Three distinct regions make up the ancient and awe-inspiring Douro Valley: the western Baixo Corgo is known for its ruby and lighter tawny Ports, the Cima Corgo for high-quality Vintage and LMV Ports, and the archaeologically-inspiring Douro Superior shares a border with Spain and features exceptional dry wines that match its arid climate. The dazzling scenery features magnificently steep terraces that overlook the beautifully tranquil Douro River, and the entire valley is a UNESCO World Heritage site due to the transformative human cultivation of the land over the past 2,000 years.
Where to Go: Sister cities Porto and Vila Nova de Gaia sit on the opposite banks of the charming river and offer an enticing array of cultural and culinary experiences, such as the celebrated Wine Quay Bar which is situated amidst Porto’s historic monuments and museums and features selections from across the valley. Heading westward, Gaia’s 1751 Ferrarai Porto port house, which was founded by famed Douro matriarch Dona Antónia Adelaide, provides you with fascinating lessons in winemaking as a well as an intriguing journey into the region’s development. The valley itself is home to numerous vineyards and wine houses, including the oldest still-active Port-producing estate, 430-year-old Quinta de Roeda. One of the most unique experiences is found at the Museum of Art and Archeology in Côa, which offers tours of the region’s famous 20,000-year-old rock art followed by select tastings at the on-site restaurant.
Best Time to Go: Most everyone agrees that September through early November is the time to see the phenomenal color scapes that light up the land and to experience the one-of-a-kind harvest celebrations. The region offers a wide array of riverboat, train, hiking, biking, and motorcar tours to take you across this breathtaking and sophisticated valley in style.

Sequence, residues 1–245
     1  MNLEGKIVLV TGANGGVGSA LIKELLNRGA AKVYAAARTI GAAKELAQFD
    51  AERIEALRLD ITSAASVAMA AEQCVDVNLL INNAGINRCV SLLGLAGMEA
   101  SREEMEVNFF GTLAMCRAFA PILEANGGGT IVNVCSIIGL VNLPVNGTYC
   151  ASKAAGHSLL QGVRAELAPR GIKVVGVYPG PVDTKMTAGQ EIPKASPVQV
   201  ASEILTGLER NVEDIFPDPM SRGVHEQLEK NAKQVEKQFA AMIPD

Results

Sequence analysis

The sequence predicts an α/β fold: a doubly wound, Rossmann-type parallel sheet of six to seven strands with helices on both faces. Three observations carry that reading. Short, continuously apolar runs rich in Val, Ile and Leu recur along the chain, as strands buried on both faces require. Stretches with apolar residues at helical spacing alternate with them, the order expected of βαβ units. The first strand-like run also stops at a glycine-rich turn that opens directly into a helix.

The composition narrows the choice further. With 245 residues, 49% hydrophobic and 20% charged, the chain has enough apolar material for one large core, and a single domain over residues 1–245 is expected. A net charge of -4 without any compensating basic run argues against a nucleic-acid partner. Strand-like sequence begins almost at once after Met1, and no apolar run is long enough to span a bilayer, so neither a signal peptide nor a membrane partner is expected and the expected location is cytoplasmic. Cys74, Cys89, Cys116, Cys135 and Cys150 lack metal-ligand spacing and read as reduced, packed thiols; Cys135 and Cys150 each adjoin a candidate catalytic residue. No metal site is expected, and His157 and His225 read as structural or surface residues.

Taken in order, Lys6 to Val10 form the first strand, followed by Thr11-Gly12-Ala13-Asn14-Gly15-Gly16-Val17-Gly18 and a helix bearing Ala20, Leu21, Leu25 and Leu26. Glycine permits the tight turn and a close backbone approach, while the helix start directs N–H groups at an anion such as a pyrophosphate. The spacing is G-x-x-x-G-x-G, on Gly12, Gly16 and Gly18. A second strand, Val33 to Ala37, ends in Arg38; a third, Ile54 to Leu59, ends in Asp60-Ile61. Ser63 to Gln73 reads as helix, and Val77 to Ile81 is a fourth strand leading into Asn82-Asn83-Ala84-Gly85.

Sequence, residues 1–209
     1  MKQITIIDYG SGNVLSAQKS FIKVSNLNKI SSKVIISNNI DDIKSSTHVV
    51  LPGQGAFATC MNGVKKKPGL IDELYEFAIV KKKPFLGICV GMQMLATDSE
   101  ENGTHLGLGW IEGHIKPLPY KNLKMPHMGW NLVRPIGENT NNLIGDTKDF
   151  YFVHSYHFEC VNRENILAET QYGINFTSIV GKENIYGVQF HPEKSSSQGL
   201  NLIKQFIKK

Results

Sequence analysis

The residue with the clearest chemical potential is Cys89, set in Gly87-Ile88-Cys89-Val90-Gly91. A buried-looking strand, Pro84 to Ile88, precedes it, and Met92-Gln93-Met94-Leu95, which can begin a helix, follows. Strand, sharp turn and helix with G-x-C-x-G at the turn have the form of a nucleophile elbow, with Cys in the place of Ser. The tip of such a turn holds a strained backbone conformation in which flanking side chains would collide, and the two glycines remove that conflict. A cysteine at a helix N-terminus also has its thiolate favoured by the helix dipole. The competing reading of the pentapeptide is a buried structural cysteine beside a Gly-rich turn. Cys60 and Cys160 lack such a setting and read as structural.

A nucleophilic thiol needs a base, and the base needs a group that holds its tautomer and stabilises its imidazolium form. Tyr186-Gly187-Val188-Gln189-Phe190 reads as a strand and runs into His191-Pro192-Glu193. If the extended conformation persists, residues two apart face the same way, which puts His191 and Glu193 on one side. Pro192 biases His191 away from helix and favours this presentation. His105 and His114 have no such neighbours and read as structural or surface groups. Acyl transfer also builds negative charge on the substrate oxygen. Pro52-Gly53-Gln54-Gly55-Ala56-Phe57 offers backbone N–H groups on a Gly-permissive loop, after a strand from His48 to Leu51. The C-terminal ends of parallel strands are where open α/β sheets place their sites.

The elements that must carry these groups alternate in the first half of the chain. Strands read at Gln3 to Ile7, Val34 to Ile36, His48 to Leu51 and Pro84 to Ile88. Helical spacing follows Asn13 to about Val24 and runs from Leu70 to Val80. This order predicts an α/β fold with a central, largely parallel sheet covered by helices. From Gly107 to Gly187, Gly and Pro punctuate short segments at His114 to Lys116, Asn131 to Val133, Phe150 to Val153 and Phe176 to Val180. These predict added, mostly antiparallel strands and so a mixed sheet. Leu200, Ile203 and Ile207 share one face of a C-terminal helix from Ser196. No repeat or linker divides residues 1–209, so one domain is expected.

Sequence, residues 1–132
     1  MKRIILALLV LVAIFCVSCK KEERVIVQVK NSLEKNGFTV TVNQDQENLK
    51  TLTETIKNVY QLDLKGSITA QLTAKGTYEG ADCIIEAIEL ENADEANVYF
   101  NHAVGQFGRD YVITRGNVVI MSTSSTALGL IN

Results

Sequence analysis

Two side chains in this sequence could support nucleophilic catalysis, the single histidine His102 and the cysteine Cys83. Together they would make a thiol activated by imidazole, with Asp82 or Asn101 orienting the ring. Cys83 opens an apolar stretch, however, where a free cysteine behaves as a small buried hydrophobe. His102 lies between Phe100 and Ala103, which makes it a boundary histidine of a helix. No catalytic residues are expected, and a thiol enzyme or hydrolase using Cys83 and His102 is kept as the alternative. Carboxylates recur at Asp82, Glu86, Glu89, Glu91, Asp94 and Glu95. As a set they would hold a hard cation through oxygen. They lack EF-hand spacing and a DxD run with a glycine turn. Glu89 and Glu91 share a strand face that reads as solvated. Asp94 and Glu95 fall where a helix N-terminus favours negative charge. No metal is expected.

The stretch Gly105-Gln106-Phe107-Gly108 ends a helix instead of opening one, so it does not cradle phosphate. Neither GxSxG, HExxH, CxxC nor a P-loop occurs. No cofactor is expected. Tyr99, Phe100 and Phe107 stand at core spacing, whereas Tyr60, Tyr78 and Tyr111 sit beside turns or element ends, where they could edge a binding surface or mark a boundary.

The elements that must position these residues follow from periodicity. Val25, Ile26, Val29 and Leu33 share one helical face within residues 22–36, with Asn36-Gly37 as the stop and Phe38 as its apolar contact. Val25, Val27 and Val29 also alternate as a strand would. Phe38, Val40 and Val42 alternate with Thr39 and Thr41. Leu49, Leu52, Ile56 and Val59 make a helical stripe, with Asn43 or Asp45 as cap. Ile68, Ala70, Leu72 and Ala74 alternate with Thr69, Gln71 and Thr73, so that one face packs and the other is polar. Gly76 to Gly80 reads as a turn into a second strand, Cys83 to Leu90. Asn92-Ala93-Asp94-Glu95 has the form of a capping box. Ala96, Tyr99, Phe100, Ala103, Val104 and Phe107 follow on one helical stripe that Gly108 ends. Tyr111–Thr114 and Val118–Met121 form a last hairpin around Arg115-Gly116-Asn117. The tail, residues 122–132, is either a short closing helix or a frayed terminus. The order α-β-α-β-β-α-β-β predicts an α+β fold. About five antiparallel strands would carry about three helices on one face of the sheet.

Willamette Valley, Pacific Northwest
Spread across a sweeping 5,000 square feet of prime Oregon territory, this region’s tagline of ‘We are Pinot Noir’ makes a bold promise that it delivers on with its 500 internationally esteemed wineries set against stunning Cascade and Coastal Mountain scenery. The local cultivators collectively made Wine Enthusiast Magazine’s 2016 Wine Region of the Year due to a generation of risk takers who recognized that the mountains, river, sea, and soil of the area all combined to form an ideal atmosphere for growing the perfect grape that bridges the gap between Burgundy and California styles.
Where to Visit: The Carlton Winemakers Studio is Oregon’s first cooperative wine house and features pourings from 15 top-rated ‘indie’ estates in a revolutionary business model that allows small vineyards to thrive. Just down the road, the ever-evolving Red Ridge Farms features 5-generations of toilers who were among the original Oregonians to grow grapes for wine cultivation. They now showcase relaxing Wine Country Retreats and a holistic food and natural product boutique right on sight for a fun shopping excursion. One of the best ways to experience the region is through a cultural wine tour aboard Precision Helicopters: you can fly over the breathtaking panoramas and hear the history, geology, and stories of the people who overcame the naysayers to craft an exclusive array of internationally acclaimed vintages. Social responsibility is also part of the community vibe, and the heartfelt Taste of Community tours offer you the opportunity to experience the valley’s famously eclectic black cherry-herb infused flavors while giving to a local cause.
Best Time to Go: From late September to early November is harvest season highlighted by multiple ‘crush’ lunches, winery concerts, interactive tours, and fun festivals, such as September’s Feast Portland. Summer is more laid back, with the lush Portland landscapes in full bloom and plenty of hiking, biking, art galleries, and resort and spa experiences to keep you entertained.
Ready to kick back with a glass of amazing vintage and a dazzling view into a whole new culture? Then pack your luggage—and your wineskins —today!